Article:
Entering The Dawngate: Is EA Reshaping The MOBA?

Out of the big four press conferences at this year’s Electronic Entertainment Expo, EA’s was perhaps the most tame. With only a clutch a new announcements, it was business as usual for the publisher and its stable of low-risk investments. However, nestled between Battlefield, The Sims, FIFA, and other usual suspects was a game that seemed discernibly out of place.

Developed by Waystone Games, Dawngate is EA’s attempt to branch into the highly-competitive MOBA market. Embodying hugely popular titles such as DOTA 2 and League of Legends, the genre attracts tens of millions players each and every day. It’s understandable, then, that a company such as EA would want a slice of the pie. It isn’t the only publisher to thought along these same lines, however. From Warner Bros. and Zynga to myriad smaller studios, many have tried to carve their own niche in this ever-growing genre with varying levels of success.


Put simply, the MOBA scene is impenetrable. Aside from rampant overcrowding, studios also have to contend with the players themselves, the majority of whom are devoted to one or maybe two entries in this turbulent genre. On top of that, you have to consider just how intense these games are. As someone who regularly plays DOTA 2 I can say with absolute confidence that, after spending some two hundred hours with the game, I’m still only scratching the surface. Personally, I could never see myself juggling two MOBAs at a time, especially if one is a still largely an unknown entity.

That’s where the problem lies for EA and Dawngate. With the genre having fully ripened and, in a sense, gone mainstream, the only MOBA developers that aren’t left fighting for scraps are those who either got there first or are doing something truly innovative.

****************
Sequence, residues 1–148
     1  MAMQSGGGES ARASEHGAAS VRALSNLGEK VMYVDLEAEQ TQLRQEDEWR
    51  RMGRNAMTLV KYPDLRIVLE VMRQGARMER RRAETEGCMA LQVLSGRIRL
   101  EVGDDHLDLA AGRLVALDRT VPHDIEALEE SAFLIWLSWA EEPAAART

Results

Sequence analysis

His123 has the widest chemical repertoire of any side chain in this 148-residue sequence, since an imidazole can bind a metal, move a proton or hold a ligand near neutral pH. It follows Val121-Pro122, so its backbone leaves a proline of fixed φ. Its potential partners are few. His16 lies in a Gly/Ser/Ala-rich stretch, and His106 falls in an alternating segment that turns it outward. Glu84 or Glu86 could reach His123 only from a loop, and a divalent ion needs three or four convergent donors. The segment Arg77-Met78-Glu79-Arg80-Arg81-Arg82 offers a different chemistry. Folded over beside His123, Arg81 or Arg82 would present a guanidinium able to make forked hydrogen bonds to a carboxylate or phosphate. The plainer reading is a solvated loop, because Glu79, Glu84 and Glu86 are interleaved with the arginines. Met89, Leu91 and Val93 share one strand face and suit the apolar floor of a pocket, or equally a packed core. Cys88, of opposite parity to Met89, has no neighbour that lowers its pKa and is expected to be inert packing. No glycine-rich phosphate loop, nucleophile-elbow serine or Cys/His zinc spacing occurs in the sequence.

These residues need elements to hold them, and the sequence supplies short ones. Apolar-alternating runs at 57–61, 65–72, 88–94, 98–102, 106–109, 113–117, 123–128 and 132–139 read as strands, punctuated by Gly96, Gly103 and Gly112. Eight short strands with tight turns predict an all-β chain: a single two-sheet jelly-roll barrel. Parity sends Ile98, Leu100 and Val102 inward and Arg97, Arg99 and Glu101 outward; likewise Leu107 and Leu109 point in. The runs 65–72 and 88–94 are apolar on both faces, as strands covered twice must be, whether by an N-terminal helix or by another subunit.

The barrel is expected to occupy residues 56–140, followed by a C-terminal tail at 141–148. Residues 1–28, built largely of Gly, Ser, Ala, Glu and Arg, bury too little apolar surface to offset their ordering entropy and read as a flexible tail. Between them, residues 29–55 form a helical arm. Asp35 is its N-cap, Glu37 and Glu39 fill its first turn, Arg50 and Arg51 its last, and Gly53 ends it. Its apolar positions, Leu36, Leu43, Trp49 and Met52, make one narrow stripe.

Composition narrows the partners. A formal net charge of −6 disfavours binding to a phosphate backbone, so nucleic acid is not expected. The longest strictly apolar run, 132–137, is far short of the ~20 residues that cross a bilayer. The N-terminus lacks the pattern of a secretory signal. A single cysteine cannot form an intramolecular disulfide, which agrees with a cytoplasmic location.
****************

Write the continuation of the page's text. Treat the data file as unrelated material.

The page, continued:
When it comes to MOBAs, however, there is extremely limited scope for innovation. Though the acronym can be applied to a wide spread of online games, it’s mostly used to described the classic real-time strategy/role-playing game hybrid that gave birth the genre. For the past few years, studios have continued to refine and rework different aspects of the MOBA though, by and large, most are identical.

Dawngate isn’t any different. Matches are strictly limited to two teams of five, both of which are trying to destroy the enemy base. As MOBA convention demands, these bases are connected by lanes, populated by towers and waves of minions. Alongside these mindless AI drones, heroes from both teams will duke it out, each one equipped with a small selection of abilities. Over the course of the game experience and money are earned, allowing for better equipment and the eventual victory of either team.

Waystone’s crack at the genre adheres to its core rules soundly and even tries to work in a few nuances of its own. Outside of matches, for instance, players can fit their heroes with small stat boosts and perks. While in-game, on the other hand, there are tweaks such as regenerating towers and money-producing spirit wells.